Cable & Wireless, the telecoms company that owns Mercury Communications, remains on the sidelines, the sources said, and could return to the fray depending on the outcome of negotiations. KPN, the Dutch telecoms company, is believed to have withdrawn.
It is also understood that lawyers for Bell Cablemedia have conceded the company does not have a pre-emptive right over the 56 per cent stake in Videotron Holdings put up for sale by Montreal-based Videotron, the Canadian cable giant. Therefore, the company's chances of winning the auction are put at just one in four, a senior Videotron source said.
Industry sources add that if Bell Cablemedia does not buy the stake, doubts will grow about this company's commitment to the UK market. The sale, which is still several weeks from completion, is a further move toward consolidation in the UK cable industry, following the purchase by General Cable of a minority interest in Yorkshire Cable earlier this year and the merger between market leader, Telewest Communications, and SBC CableComms last year.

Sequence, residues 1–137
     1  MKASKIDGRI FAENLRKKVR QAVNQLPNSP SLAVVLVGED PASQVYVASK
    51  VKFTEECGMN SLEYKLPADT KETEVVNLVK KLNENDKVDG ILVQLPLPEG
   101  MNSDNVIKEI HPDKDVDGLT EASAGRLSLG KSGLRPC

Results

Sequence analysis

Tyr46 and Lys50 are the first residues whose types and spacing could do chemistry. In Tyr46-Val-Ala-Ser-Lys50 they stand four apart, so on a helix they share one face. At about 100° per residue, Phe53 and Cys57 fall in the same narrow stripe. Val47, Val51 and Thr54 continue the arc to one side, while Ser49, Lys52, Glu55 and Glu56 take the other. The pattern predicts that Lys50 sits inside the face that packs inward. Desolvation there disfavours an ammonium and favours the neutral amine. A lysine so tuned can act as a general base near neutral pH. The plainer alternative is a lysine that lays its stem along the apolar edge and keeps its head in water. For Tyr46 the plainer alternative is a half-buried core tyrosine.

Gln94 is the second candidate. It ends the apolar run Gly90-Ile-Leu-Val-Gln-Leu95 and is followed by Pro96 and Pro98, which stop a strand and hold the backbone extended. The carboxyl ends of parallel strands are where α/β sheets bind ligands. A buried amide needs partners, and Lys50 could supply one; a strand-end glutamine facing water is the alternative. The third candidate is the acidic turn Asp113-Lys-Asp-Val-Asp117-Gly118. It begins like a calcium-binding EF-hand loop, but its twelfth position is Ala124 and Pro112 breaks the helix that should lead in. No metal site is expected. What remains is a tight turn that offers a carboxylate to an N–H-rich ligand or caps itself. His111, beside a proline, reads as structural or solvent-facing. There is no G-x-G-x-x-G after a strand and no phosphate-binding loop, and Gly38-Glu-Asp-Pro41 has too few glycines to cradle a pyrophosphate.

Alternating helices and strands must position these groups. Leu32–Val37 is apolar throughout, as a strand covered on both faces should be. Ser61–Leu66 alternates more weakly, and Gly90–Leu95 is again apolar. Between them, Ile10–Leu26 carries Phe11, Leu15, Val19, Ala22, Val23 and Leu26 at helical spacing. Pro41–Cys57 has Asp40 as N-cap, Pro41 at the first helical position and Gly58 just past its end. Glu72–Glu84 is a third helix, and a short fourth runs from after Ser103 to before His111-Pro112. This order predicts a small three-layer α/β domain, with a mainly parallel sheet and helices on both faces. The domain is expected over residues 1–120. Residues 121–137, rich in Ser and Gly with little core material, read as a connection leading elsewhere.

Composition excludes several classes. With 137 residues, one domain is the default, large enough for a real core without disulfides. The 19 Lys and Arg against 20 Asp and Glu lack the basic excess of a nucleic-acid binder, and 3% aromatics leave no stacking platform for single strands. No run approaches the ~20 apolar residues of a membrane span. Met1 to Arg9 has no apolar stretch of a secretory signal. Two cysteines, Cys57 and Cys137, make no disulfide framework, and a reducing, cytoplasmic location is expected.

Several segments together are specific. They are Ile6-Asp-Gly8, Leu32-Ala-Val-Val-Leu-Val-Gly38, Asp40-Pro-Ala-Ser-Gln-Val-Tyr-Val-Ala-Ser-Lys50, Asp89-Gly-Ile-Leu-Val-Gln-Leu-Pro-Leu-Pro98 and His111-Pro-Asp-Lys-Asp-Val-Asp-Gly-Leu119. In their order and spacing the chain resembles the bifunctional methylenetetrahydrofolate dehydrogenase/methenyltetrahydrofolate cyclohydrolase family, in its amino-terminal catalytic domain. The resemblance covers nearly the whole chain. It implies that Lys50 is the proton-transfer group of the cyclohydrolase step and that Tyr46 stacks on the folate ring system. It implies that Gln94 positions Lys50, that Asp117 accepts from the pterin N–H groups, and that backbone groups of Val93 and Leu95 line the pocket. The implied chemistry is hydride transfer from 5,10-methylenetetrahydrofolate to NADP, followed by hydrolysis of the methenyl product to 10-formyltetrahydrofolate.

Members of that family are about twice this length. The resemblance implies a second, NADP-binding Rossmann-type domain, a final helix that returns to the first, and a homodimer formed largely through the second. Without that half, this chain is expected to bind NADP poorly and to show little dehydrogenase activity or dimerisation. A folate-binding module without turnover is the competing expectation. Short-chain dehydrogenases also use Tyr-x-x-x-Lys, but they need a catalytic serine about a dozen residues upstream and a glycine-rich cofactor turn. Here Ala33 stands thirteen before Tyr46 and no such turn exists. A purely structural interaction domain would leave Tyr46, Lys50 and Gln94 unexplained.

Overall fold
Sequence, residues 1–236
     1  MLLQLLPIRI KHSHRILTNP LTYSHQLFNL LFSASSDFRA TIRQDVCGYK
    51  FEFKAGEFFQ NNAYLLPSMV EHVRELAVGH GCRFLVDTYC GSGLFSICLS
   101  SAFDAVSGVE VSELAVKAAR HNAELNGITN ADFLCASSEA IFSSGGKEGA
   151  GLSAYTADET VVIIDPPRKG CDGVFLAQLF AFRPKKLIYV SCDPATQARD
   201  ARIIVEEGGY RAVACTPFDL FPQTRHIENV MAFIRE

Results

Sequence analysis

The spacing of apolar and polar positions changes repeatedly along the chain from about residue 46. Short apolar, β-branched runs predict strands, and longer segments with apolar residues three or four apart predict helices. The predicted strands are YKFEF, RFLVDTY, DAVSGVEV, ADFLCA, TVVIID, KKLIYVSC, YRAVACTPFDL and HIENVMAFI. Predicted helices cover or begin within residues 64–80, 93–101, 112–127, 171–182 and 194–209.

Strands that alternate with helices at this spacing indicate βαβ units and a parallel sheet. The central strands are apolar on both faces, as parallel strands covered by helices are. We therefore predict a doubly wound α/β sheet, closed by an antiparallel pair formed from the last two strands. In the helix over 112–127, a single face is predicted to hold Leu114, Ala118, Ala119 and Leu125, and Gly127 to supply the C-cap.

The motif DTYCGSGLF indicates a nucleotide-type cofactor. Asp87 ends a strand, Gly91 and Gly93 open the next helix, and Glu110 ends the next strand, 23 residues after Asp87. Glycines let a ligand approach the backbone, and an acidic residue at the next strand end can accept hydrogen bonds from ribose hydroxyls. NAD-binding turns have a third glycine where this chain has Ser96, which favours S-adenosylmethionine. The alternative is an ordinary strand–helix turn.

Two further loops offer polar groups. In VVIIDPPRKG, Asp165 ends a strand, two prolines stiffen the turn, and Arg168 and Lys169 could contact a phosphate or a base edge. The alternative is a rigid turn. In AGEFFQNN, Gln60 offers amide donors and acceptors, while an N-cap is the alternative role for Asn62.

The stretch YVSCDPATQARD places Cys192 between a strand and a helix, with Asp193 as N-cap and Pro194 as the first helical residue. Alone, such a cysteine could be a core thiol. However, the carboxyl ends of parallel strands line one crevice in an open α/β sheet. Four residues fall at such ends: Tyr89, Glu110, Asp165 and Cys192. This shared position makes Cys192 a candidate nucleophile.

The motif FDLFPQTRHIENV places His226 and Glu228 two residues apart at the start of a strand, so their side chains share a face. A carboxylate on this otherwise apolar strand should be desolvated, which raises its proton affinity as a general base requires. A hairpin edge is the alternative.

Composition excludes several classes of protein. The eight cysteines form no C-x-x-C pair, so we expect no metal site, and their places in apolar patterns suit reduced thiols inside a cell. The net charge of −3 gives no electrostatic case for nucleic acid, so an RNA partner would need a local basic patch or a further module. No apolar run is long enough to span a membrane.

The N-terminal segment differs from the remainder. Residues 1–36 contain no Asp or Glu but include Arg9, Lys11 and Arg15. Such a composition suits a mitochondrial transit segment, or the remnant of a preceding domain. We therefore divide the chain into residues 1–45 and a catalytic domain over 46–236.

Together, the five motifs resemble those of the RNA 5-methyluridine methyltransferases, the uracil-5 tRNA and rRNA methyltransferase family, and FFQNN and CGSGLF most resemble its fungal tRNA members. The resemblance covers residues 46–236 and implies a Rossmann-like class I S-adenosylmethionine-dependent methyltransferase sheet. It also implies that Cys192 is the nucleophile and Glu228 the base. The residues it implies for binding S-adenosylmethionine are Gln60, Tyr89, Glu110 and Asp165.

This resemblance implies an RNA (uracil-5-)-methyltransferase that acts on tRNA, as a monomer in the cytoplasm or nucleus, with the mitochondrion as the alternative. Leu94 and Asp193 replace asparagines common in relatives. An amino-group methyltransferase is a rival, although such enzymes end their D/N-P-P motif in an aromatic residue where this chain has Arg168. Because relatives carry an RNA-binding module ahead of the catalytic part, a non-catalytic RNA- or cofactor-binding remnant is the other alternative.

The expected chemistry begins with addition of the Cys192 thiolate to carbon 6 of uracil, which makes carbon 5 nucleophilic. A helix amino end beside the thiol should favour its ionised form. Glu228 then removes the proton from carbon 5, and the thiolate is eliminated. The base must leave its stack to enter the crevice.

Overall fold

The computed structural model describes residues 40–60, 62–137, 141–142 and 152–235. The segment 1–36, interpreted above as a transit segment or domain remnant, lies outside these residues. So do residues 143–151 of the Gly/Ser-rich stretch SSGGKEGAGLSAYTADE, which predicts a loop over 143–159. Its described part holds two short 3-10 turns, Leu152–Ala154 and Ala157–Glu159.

Analysts had been expecting further moves in the business, which recently returned to market favour following several months of bad publicity.
Videotron Canada, which is looking to shift its attention to the newly liberalised US market, is demanding cash only - a position that favours the deep pockets of Deutsche Telekom, which has a stake in the domestic cable market, but no investment as yet in Britain.
All three finalists, however, believe Videotron is asking too much. "We think the valuation is far too high, there is still a lot of negotiation to come," said a source at one leading bidder.
The attractions of the Videotron franchises, which range from the City to the Thames Valley, are obvious, analysts say, but the company has been undermanaged and dogged by customer complaints. Further, it still has most of its network to build, as part of the pounds 10bn UK cable investment.Reuse content